5 Factors of a Credit Score
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Hey everyone, I’m your host Maddy and in this episode of Money Talk I am going to take a deeper dive into the exciting topic of credit score. In the last episode of Money Talk, I talked about what a credit score is and in this episode I’m going to talk about the factors that make up your score. So there are five different factors that create your score and they all hold a different weight.
The first factor of your score is payment history. This is the biggest chunk of your score, making up 35 percent. Lenders want to know whether you’ve paid past credit accounts on time. This helps the lender figure out the amount of risk it will take when extending credit to you. This is one of the most important factors in a credit score so if you do nothing else make sure you’re paying your accounts on time and not missing any payments, even if that just means making a minimum payment on an account. You don’t want to miss those payments, it can really hurt your score.
The next factor is amounts owed which is 30 percent of your overall score, so this is another big chunk of your credit score. Having credit accounts and owing money on them doesn’t mean you are a high risk borrower, however, if you’re using a lot of your available credit, this may indicate that you are relying on credit and at a higher risk for defaulting. For example, having all of your credit cards maxed out or close to their limit. A good rule of thumb is to have your credit utilization at 30 percent or less which means you’re using 30 percent or less of the total available credit to you. So to make this a little bit simpler let’s say that you have a credit card with a $1,000 limit that would mean that you would want to keep your balance at $300 or below because you are utilizing 30 percent or less of that credit card.
The next factor is length of credit history, making up 15 percent of your score. In general, a longer credit history will increase your score, however, even people who haven’t been using credit long may have a high score, it just depends on how the rest of their credit report looks. Your credit score takes into account how long your credit accounts have been established including the age of your oldest account and your newest account and the average age of all of your accounts. If you have a really old credit card that you’re considering closing, you might want to reconsider. Keeping your oldest account open lengthens your credit history and it helps your score. Considering using that card for something recurring that you don’t have to think about to keep it active. For example, my husband and I, we have a couple credit cards and one of them we use for all of the recurring payments every month that we don’t think about, things like Netflix and other subscriptions that we have. We just keep those payments recurring on those credit cards, we don’t think about it and every month we go in and we pay it off in full. And then your credit score also takes into account how long it has been since you’ve used certain accounts. Again, you want to use your credit cards at least every few months to keep them active so that old credit card, put those recurring payments on it, pay it off every month and you can keep those accounts active.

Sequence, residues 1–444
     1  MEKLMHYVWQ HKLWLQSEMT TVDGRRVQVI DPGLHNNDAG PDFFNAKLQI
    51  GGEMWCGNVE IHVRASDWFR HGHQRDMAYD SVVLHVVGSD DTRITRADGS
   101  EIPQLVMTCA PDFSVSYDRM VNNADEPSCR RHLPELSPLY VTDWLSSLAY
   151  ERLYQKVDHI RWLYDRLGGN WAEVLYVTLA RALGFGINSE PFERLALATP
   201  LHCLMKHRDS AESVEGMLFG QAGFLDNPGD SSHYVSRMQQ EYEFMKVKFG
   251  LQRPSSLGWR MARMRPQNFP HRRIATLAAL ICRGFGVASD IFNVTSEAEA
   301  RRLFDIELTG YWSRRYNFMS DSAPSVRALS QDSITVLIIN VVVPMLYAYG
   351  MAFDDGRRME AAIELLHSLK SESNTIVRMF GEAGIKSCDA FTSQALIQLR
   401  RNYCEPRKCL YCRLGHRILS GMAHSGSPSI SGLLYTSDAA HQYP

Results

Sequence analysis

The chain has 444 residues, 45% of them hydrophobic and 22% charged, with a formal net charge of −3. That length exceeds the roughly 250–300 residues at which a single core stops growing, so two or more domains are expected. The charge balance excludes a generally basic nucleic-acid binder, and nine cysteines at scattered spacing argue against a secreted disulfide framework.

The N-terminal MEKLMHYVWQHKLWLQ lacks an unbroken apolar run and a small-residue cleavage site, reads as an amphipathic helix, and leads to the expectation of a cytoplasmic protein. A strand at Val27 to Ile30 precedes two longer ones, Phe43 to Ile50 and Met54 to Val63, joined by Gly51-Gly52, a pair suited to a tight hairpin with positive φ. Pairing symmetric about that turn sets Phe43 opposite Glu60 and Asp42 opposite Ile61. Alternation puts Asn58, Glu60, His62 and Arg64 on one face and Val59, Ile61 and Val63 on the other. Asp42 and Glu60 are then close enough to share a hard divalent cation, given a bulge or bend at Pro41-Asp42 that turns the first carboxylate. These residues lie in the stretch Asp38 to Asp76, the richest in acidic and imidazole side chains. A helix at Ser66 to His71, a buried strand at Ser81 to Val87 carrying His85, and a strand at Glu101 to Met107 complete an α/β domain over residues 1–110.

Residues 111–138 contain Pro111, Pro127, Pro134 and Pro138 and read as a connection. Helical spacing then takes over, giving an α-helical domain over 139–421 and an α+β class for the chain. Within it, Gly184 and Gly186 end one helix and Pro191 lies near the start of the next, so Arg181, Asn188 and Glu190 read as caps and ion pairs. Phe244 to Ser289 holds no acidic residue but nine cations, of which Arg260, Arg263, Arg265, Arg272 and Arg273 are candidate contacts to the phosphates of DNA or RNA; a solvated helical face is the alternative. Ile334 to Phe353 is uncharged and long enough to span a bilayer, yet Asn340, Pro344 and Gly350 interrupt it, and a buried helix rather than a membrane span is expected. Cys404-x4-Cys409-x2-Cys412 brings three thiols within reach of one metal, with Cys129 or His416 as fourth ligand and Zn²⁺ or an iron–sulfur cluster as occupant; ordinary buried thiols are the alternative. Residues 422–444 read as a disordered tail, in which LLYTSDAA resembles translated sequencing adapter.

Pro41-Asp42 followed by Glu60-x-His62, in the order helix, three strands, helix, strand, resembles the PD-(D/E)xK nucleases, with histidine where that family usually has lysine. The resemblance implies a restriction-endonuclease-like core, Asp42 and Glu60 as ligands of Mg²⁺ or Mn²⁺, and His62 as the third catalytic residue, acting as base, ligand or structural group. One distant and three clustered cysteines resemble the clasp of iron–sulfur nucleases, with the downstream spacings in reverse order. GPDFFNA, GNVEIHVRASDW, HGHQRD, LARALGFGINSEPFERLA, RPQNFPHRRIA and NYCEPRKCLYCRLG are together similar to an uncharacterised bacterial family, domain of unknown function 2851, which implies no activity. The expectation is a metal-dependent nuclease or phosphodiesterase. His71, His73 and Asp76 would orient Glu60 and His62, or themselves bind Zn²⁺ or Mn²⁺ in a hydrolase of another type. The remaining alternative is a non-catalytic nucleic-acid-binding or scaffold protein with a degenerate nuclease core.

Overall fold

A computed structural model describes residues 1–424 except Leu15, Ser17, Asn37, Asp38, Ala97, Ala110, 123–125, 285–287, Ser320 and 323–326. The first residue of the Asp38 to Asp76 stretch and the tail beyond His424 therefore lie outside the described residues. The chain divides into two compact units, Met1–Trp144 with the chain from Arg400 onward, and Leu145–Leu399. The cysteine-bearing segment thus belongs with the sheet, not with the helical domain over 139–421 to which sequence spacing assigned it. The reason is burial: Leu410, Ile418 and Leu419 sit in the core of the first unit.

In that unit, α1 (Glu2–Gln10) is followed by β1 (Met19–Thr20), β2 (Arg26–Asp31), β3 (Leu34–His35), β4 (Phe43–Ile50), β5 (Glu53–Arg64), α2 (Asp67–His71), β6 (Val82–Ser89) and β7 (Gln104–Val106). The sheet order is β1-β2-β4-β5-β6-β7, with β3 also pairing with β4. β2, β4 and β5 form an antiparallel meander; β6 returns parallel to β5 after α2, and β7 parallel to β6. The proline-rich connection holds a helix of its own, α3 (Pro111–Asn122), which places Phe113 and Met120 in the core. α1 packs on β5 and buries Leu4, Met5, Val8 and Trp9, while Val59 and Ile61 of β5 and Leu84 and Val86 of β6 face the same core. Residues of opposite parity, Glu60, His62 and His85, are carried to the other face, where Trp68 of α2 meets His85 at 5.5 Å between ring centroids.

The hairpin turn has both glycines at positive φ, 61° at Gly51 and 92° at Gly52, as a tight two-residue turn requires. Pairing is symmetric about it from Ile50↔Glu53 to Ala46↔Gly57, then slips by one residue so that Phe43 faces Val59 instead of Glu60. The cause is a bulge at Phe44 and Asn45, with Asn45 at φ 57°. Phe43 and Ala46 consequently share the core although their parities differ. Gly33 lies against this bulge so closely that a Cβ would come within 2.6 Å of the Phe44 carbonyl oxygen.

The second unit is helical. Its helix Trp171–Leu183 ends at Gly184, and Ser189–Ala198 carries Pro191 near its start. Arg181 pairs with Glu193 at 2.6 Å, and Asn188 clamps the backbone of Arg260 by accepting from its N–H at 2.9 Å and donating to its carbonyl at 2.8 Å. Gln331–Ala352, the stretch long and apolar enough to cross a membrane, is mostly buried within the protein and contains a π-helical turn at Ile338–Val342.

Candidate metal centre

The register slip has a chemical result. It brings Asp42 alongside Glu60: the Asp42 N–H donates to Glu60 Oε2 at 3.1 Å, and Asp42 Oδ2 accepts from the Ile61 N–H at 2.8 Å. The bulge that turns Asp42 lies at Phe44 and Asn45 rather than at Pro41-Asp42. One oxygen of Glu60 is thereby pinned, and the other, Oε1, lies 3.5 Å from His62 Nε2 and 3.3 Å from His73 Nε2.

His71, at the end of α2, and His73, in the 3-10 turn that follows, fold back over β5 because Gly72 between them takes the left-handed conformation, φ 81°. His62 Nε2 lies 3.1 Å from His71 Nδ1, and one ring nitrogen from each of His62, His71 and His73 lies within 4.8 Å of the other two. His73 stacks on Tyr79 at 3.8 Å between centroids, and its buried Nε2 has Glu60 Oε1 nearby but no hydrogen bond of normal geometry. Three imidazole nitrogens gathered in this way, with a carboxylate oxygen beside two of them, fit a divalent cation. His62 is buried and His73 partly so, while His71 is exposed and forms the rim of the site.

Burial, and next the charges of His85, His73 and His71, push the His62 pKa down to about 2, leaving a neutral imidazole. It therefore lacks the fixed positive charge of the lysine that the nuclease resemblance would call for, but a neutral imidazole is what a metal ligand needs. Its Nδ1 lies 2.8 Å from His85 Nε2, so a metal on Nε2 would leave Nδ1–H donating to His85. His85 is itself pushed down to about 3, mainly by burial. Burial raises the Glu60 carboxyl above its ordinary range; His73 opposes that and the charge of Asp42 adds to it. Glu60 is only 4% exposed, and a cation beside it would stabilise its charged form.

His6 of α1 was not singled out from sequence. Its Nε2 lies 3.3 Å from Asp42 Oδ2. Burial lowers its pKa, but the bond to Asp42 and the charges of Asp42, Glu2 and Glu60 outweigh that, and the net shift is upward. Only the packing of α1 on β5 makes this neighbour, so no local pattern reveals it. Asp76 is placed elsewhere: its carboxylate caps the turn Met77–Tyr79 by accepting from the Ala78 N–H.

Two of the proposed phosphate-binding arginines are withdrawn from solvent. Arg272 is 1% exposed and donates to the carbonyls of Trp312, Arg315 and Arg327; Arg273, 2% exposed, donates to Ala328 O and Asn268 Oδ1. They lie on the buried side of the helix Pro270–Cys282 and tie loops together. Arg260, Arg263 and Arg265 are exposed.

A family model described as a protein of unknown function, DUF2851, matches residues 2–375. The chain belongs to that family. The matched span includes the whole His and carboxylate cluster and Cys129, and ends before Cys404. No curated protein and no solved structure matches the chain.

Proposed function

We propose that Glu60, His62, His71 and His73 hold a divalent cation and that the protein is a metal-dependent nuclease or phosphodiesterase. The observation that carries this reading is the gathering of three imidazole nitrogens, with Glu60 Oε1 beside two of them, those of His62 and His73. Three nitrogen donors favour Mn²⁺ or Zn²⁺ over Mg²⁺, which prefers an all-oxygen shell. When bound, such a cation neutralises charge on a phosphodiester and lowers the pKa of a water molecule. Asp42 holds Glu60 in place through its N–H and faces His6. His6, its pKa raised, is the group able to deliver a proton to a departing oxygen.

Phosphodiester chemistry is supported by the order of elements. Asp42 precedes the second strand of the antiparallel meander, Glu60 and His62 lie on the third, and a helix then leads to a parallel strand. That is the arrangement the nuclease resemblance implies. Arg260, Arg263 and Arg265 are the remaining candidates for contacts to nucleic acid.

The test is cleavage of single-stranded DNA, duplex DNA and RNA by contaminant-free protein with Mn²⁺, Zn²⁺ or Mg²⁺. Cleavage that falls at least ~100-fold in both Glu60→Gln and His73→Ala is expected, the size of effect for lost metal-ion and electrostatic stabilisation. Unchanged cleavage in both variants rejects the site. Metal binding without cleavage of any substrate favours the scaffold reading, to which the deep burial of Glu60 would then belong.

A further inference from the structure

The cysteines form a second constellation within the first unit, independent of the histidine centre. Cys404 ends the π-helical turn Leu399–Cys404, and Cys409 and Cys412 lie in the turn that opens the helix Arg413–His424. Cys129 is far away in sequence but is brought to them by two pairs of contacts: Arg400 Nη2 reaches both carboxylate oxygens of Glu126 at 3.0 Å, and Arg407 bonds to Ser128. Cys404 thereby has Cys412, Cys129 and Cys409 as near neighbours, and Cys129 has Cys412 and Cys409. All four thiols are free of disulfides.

Next we have the two smallest portions of your credit score. The first is credit mix, this determines 10 percent of your overall score. Your credit score will consider your mix of credit cards, retail accounts, installment loans, finance company accounts and mortgage loans. Now you don’t need to have one of each and it’s important to know that you don’t want to go open a bunch of different credit accounts for the sake of this factor. You still want to take your time, do your research and determine your need for that particular credit account. This is a small portion of your credit score so I don’t want you to panic too much if you only have one or two different credit accounts. These are things that you build up over time and that you get over time.
The last factor is new credit, this also makes up 10 percent of your score. Opening several credit accounts in a short period of time represents a greater risk, especially for people who don’t have a long credit history. If you can avoid it, try not to open too many accounts too rapidly. As I said before, take your time, do your research and look at options. But you don’t want too many serious credit inquiries, this is what we call hard inquiries and that’s where the next step of pulling your credit happens because you applied for a new line of credit like a loan or a credit card. You’re allowed to rate shop and look around and find the best option for you but just be careful on how many serious or hard credit inquiries you have where that loan officer or that dealership is actually pulling your credit because you applied. Keep this in mind with the choices that you make with credit and the steps that you’re taking to build your credit, especially that payment history and amounts owed are the two biggest chunks of your credit score. If anything just pay those accounts on time. It can be one of the most important things you can do to raise your credit score or to keep your credit score up.
Thank you so much for listening to this episode of Money Talk.
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